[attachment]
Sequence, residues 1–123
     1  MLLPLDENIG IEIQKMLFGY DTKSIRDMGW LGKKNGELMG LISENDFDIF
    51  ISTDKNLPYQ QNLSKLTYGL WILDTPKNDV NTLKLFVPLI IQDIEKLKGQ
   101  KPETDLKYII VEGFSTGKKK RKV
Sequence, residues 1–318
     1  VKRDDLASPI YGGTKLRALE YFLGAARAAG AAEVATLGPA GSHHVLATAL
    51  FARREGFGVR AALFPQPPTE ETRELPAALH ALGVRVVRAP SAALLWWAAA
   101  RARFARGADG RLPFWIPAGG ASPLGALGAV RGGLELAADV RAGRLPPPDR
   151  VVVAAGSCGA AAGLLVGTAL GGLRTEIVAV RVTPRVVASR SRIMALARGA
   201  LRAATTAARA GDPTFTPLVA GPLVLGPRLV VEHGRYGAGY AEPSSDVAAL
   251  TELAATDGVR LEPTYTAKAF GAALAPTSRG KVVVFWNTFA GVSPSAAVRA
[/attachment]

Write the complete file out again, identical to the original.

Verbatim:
Sequence, residues 1–123
     1  MLLPLDENIG IEIQKMLFGY DTKSIRDMGW LGKKNGELMG LISENDFDIF
    51  ISTDKNLPYQ QNLSKLTYGL WILDTPKNDV NTLKLFVPLI IQDIEKLKGQ
   101  KPETDLKYII VEGFSTGKKK RKV
Sequence, residues 1–318
     1  VKRDDLASPI YGGTKLRALE YFLGAARAAG AAEVATLGPA GSHHVLATAL
    51  FARREGFGVR AALFPQPPTE ETRELPAALH ALGVRVVRAP SAALLWWAAA
   101  RARFARGADG RLPFWIPAGG ASPLGALGAV RGGLELAADV RAGRLPPPDR
   151  VVVAAGSCGA AAGLLVGTAL GGLRTEIVAV RVTPRVVASR SRIMALARGA
   201  LRAATTAARA GDPTFTPLVA GPLVLGPRLV VEHGRYGAGY AEPSSDVAAL
   251  TELAATDGVR LEPTYTAKAF GAALAPTSRG KVVVFWNTFA GVSPSAAVRA